A mediation process option in danger of going the way of the dinosaur is the joint session. Lawyers generally hate them and often deem them counter-productive and a waste of time – “Can’t we just get down to business, go to our respective rooms, and start the negotiation process.” While some mediators may agree, virtually every well-respected mediator training program encourages the informed, selective use of joint sessions.
All experienced litigators and mediators know there are a number of action steps that will maximize the potential of success for their clients at the time of mediation. I’ve created a new category in the blog that includes tips for successful medications, which have served me well during hundreds of mediations where I have either either as a neutral mediator or have represented clients.
The right mediator and the right process are critical. There is not one mediation style or one mediation process that fits all disputes. One of the greatest benefits of mediation, like other forms of alternative dispute resolution processes, is the mediation event can and should be flexible and specifically tailored by selecting the “right” mediator with the “right” process best suited to resolve your unique dispute. The mediator’s personal style, as well as the mediator’s knowledge, background and experience, are critical factors to consider.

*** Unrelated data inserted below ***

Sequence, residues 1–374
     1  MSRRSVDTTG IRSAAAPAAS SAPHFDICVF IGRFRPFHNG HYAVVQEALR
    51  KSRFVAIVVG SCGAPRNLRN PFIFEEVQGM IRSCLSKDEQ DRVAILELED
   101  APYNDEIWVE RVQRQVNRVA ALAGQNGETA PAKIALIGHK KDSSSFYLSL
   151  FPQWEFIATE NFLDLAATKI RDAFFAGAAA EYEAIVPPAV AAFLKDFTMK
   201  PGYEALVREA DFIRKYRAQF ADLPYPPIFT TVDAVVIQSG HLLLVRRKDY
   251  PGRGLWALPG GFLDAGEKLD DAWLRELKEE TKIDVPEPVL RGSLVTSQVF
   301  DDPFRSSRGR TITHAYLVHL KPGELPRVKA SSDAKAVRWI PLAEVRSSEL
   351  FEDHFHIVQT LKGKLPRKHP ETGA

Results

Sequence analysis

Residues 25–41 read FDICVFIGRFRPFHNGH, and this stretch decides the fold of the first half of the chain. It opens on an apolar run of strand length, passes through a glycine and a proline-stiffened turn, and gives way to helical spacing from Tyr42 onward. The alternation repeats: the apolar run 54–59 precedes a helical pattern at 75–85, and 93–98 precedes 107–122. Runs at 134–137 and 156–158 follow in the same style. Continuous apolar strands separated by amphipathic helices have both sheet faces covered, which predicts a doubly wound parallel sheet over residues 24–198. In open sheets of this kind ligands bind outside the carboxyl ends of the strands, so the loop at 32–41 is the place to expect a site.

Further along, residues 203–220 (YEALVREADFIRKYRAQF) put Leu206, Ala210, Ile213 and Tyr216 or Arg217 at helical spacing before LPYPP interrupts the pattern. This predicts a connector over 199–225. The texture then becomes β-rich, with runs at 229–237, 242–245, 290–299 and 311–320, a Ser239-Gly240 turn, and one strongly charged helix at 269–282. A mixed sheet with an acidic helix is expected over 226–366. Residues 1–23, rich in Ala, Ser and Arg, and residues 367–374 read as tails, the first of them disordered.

Thorough preparation is essential. Mediation may be the best and last opportunity for negotiating an off ramp that best maximizes the potential for achieving the client’s critical interests. In preparing for the mediation, counsel will consider many issues - here's a rundown.
Some parties believe the Mediation Summary is prepared exclusively for the mediator’s benefit to persuade the mediator. Others prepare these summaries for the purpose of satisfying their clients. Simply because the mediator may be convinced of the merits of a case or defense, or the client is satisfied with the tone and tenor of the Summary, does not mean the Mediation Summary will have accomplished an essential purpose.